Hopefully this thread will allow us to share our experiences with different RTK GPS units and allow feedback & ideas from others. It will focus on finding cheaper solutions to allow us to collect accurate Ground Control Points.
I personally use a HiPer SR from Topcon as a Network Rover. It’s L1,L2, & Glonass.
My setup is a $8,500 HiPer SR receiver plus a $1500 Data collector. I use my IPhone as a WiFi Hotspot to allow my data collector to receive Base Station Corrections from a NTRIP Caster. This setup is commonly called a “Network Rover” because it’s a RTK Rover using Base Station Corrections sent over the internet. In most circumstances I can get centimeter positions “real-time” with a proper workflow.
The Cheapest Turn-Key Solution for centimeter positions that I know of is to purchase the Dual Frequency X90-OPUS Receiver for $1880 and log static data for 30 minutes to 2 Hours. (Longer occupation times are usually not required for UAV mapping precisions). http://x90gps.com/index.htm
You press 1 button to log the Static data which you later upload to the OPUS website (http://www.ngs.noaa.gov/OPUS/index.jsp) and a x,y,z solution is emailed back to you.
You can use this receiver to determine precise base station coordinates for a DIY RTK system, or simply log static data for each of your UAV Ground Control Points.
OPUS Map of Estimated Precision
For the DIY crowd :
What I’m most excited about is the PRECIS L1/L2 GNSS board by Tersus for $800
[EDIT - Updated 02-02-2016]
Manufacturer now sells a complete RTK kit for $1,999
My plan is to build a DIY RTN GPS (Real-Time-Network vs. RTK) with the $800 PRECIS board, $20 Bluetooth module, Android Phone as data collector running a free NTRIP Client, and obviously antenna/battery/etc. The Android Phone will receive free RTK corrections through a free NTRIP Client. Again, this type of setup is commonly called a “Network Rover” because it’s a RTK Rover using Base Station Corrections sent over the internet w/ RTCM protocol. This setup should provide the same functionality as my $10,000 GPS & Data Collector and provide real-time centimeter positions.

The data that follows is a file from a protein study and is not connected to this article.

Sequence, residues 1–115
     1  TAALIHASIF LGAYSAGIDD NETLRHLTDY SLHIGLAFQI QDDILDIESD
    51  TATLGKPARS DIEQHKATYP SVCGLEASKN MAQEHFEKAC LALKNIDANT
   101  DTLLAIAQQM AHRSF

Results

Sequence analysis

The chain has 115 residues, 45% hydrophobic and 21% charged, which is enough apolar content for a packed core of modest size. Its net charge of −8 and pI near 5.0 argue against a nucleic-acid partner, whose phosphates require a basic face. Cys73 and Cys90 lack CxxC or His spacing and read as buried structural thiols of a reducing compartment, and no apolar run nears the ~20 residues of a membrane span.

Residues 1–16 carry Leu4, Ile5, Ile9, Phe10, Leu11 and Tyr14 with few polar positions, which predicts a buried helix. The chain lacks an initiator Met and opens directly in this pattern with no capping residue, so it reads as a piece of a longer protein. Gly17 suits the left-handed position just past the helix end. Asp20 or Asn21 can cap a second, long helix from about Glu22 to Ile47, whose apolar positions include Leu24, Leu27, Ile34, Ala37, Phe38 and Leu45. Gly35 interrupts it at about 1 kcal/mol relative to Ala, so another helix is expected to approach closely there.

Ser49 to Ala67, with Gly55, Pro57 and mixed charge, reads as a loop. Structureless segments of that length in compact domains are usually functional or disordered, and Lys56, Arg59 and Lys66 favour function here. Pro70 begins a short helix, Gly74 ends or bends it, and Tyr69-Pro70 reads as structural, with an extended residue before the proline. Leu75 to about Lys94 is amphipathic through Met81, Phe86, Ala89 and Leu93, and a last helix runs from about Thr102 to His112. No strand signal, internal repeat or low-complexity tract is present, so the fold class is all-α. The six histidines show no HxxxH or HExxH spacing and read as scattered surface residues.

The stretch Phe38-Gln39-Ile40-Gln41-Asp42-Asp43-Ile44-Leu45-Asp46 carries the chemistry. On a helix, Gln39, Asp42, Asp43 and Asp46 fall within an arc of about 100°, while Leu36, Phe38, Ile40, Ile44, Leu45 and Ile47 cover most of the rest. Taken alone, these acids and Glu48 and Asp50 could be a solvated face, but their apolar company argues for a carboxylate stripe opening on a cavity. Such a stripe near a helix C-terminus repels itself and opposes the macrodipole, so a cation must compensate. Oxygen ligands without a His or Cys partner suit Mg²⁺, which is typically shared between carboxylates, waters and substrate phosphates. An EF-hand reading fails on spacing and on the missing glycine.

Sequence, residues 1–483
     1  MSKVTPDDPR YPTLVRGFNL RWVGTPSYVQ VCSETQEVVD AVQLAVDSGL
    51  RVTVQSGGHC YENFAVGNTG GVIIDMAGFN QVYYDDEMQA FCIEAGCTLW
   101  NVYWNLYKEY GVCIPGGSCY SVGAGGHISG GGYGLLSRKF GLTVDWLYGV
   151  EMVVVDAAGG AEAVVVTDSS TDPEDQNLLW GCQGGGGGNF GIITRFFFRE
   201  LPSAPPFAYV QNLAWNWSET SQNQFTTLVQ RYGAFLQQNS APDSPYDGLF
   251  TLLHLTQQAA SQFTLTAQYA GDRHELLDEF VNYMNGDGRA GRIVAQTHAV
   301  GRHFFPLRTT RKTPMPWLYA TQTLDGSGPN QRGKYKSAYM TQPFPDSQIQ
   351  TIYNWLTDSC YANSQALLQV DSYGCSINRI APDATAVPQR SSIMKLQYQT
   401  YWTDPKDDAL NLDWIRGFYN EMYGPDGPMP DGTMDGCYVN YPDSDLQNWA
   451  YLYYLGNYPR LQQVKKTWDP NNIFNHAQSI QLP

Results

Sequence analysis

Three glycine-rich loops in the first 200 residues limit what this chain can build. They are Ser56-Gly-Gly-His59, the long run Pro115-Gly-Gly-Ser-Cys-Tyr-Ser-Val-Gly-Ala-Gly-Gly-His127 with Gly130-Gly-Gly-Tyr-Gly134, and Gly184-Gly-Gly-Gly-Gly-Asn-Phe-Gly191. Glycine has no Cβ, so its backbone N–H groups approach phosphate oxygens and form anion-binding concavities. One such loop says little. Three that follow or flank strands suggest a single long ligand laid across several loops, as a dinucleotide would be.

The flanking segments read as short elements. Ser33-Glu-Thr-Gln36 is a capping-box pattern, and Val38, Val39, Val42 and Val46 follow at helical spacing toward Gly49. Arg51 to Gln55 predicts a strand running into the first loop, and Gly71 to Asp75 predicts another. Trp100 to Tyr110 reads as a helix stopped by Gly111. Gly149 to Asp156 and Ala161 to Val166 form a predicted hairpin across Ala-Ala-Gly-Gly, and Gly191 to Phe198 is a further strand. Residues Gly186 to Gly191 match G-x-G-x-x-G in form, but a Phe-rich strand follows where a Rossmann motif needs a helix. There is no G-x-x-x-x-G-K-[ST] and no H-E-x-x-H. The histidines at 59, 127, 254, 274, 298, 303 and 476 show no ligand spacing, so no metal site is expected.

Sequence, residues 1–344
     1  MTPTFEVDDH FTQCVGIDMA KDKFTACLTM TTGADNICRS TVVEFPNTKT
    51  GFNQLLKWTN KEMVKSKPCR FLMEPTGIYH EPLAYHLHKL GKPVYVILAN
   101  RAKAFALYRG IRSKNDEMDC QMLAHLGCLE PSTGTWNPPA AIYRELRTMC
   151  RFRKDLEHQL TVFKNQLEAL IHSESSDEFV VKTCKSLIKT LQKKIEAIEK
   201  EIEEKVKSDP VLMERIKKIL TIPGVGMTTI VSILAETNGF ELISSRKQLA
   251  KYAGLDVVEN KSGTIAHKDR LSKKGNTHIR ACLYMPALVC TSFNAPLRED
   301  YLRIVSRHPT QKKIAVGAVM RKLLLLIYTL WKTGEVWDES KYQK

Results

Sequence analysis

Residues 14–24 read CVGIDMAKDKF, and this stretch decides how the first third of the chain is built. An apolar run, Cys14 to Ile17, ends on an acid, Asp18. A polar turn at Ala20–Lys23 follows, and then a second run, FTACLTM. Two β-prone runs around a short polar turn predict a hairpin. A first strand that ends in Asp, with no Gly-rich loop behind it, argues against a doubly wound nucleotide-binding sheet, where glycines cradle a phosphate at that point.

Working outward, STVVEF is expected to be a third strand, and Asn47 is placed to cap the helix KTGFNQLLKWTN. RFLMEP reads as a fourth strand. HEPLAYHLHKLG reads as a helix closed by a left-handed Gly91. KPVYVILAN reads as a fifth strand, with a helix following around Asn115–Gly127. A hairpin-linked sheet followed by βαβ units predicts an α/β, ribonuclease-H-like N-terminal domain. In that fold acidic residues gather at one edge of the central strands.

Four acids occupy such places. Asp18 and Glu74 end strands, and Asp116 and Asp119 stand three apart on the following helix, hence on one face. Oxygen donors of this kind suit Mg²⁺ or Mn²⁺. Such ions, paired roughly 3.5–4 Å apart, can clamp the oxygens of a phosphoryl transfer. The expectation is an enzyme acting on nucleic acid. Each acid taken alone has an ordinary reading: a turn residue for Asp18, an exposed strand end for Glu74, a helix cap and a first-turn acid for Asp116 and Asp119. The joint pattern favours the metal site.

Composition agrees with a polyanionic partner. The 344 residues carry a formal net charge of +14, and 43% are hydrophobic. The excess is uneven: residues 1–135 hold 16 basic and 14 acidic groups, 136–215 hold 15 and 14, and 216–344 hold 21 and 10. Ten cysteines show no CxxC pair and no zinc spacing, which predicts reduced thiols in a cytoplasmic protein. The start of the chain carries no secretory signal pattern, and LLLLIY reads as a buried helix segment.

This unit should function fine with any geodetic antenna such as a Trimble Zephyr that can be found on Ebay for $500. I’m interested in testing the performance with cheaper $50 - $100 active antenna’s, but haven’t had the opportunity yet.
Real-Time-Network Base Station LIST for each STATE
For example, my coverage MAP for Mississippi shows the location and current status of all the Base Stations in the free MS Network:
I’m discussing w/ the manufacturer of the PRECIS board - the possibility being able to log Raw Static data in RINEX format in the future. The ability to log the RAW observables would allow us to perform a Static Survey and upload to OPUS when Cellular Data is not available for a Network RTK Correction, or if there is no Base station close enough in the free Network for a specific project location to provide a fixed solution.
Another option is to purchase 2 of the PRECIS boards, and have them communicate as Base/Rover with the same $50 3DR telemetry radios we use in our UAV’s. Of course, you still need to determine an accurate position for the base station. This can be accomplished by first measuring the base position as a Network Rover, or if no cell coverage is available you would log a static session and upload to OPUS if the RINEX format can be output from the board.
Note: Novatel makes several boards similar to the PRECIS in their OEM 6 Line for around $800 also.
Single Frequency RTK :
$1,000 for a L1 Carrier Phase RTK kit.
Using single frequency RTK (L1 Carrier Phase) has many challenges in the field.
$570 for a L1 Carrier Phase RTK kit, same challenges as above.
$50 RTK Capable L1 GPS Receiver, same challenges as above
NS-HP User Manual
NS-HP Data Sheet
NS-HP Applications Sheet
The NavSpark NS-HP RTK appears to be the RTK cheapest solution, but will also be frustrating in the field. This unit will experience the same hardships as the Piksi & Reach L1 RTK’s in regards to maintaining the Carrier Phase Lock. I am planning to experiment with the NavSpark NS-HP since it’s much less expensive than the Piksi or Reach.